The interiors of the ship had left the classical touch that the Conte di Savoia had sported, behind. Michelangelo was clearly affected by Art Deco-style, and the trend set by the Île de France in 1927 had now reached the Italian ships to the full. One of the most liked features on board was the 489-capacity cinema. Added to this, the ship had thirty other public rooms in which the passengers could make each other’s acquaintance. In all the ship had six swimming pools. Three of them were for children, but the remaining were full-scale ones with heating utilities when the weather turned chillier.
On December 31, 1965 the Michelangelo’s first winter overhaul commenced. This resulted in – among other things – her propellers being changed because they had caused considerable vibration during the vessel’s first year. When the ship was tested afterwards, the annoying vibration was reduced and, to the Italia Line’s delight, the speed seemed to have increased. During these ‘trials’ she reached an immensely impressive 31.59 knots.
The first major problem that struck the Michelangelo occurred on April 12, 1966. When the liner was sailing towards New York she suddenly encountered very bad weather. Waves fifty feet high hit the ship time and again, and the horror culminated when two passengers were swept overboard. When Michelangelo reached New York she displayed a severely damaged forward superstructure, and momentarily repairs were made when in America. Upon arrival in Italy, the ship had her damaged part of the superstructure covered in canvas.
But these sorts of problems were something that ships and shipping companies could cope with. As the 1960s advanced the new threat from the jet airliner became more and more something of a really big problem, even for the Italian liners. The game Italia Line had played when they put Michelangelo and Raffaello in service had proved grossly unprofitable. By 1970, both ships were losing money quickly. On some voyages, the crew outnumbered the passengers. But the Italia Line did not want to give up already. Some suggestions said that the Raffaello were to be transferred to the more profitable South American run, but eventually this was never realised. The Italian government had supported the two ships with giant amounts of money, but as the liners never seemed to recover, they finally withdrew their financial assistance. The Italia Line had nothing to do but to take the Michelangelo and the Raffaello out of service. The last trans-Atlantic voyage the Michelangelo made was in June 1975, when she was packed with ocean liner buffs who tried to give her the honour of being something else than empty on her final crossing. One of those who wanted to pay a last tribute was the Duchess of Windsor.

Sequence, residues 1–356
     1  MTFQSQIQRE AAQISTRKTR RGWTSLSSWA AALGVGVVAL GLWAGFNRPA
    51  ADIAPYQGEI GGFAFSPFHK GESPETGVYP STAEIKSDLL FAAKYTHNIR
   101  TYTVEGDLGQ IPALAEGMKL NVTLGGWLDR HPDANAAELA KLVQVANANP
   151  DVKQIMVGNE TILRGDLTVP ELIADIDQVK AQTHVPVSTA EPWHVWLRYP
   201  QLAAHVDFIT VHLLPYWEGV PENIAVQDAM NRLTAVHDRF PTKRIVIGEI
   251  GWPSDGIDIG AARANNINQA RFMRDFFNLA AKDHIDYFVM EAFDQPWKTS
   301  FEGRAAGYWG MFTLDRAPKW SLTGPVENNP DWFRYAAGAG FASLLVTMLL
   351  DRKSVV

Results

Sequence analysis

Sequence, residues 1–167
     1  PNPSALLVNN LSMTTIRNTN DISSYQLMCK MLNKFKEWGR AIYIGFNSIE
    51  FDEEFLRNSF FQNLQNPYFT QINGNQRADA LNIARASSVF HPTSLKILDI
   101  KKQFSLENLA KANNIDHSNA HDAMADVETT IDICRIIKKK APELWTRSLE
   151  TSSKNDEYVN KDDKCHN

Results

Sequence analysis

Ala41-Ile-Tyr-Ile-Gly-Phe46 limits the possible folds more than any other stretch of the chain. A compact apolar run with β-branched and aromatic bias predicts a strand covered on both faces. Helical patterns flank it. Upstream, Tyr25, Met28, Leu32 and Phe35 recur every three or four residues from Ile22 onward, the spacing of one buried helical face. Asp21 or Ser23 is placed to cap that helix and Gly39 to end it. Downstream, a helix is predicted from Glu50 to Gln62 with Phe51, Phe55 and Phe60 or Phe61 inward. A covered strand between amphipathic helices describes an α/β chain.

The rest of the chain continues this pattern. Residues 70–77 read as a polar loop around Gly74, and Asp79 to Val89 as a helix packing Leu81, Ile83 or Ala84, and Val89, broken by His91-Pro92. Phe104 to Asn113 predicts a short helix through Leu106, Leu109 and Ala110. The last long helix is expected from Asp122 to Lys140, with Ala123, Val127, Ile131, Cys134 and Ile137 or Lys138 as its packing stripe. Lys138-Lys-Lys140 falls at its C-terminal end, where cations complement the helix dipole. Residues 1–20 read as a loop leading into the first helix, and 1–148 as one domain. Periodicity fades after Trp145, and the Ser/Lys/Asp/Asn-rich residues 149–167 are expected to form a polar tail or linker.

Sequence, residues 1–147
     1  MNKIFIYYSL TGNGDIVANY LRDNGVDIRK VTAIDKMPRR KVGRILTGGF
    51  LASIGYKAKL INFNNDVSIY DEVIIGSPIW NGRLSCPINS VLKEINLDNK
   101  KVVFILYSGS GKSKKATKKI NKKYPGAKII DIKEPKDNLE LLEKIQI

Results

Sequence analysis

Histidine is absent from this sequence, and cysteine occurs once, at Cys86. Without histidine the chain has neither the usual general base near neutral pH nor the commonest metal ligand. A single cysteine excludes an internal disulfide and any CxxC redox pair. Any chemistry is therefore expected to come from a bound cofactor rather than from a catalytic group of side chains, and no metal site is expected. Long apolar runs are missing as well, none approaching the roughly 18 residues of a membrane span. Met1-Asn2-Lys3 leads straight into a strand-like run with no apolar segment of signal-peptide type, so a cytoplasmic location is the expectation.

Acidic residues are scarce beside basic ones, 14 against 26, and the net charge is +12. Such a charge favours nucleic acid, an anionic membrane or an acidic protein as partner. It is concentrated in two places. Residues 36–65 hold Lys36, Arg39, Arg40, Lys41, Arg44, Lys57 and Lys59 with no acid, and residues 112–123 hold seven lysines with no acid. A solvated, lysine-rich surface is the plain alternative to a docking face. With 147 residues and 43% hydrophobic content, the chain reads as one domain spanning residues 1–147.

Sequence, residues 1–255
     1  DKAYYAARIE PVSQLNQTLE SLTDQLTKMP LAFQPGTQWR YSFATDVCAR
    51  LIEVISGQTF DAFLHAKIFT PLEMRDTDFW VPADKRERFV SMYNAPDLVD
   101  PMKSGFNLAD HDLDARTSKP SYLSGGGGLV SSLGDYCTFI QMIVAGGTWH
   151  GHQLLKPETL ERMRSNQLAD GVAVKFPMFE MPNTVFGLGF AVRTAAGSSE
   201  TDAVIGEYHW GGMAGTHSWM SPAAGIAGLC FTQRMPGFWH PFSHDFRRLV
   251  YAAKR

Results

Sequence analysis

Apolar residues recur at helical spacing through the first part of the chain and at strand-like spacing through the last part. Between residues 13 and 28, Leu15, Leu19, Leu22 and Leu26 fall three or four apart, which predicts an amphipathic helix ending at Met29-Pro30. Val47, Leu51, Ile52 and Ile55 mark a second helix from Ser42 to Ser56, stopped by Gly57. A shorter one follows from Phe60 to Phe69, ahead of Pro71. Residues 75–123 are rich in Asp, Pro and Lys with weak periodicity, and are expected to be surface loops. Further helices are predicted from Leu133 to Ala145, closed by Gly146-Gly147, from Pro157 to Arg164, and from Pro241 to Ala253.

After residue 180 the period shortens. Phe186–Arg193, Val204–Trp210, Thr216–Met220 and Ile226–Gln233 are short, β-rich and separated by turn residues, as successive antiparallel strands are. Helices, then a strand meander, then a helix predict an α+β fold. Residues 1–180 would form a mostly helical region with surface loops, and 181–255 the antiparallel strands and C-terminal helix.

When Michelangelo had returned from this last voyage she was laid up in Genoa and then La Spezia. The move to La Spezia, feared many fans, was the ship’s last one because the largest scrapyard in the Mediterranean area was situated there. It seemed that the Michelangelo’s life would last only for ten years.
Fortunately, after several shipping companies had eyed the sisters for a possible purchase but considered them too large, the Michelangelo found herself a buyer. The Shah of Iran was officially given the ownership of the vessel in February 1977. He intended to use her as a permanently moored military barracks. The Michelangelo left Genoa on July 8 the same year and sailed through the Suez channel, past Saudi Arabia before she finally reached her new home in Bandar Abbas on the 21st. In the Shah’s presence, the Iranian flag was hoisted, as the ship became an ‘Iranian citizen’. The Michelangelo, who luckily had escaped the ceremony of renaming, was rebuilt so that she could accommodate 1,800 military personnel.
The Michelangelo continued in this role for another fifteen years, but in 1991 the ship was considered too old and was towed to Pakistan where she was scrapped.
- 902 feet (275.5 m) long
- 102 feet (31.2 m) wide
- 45,911 gross tons
- Steam turbines powering two propellers
- 26.5 knot service speed
- Passenger capacity of 1,775 people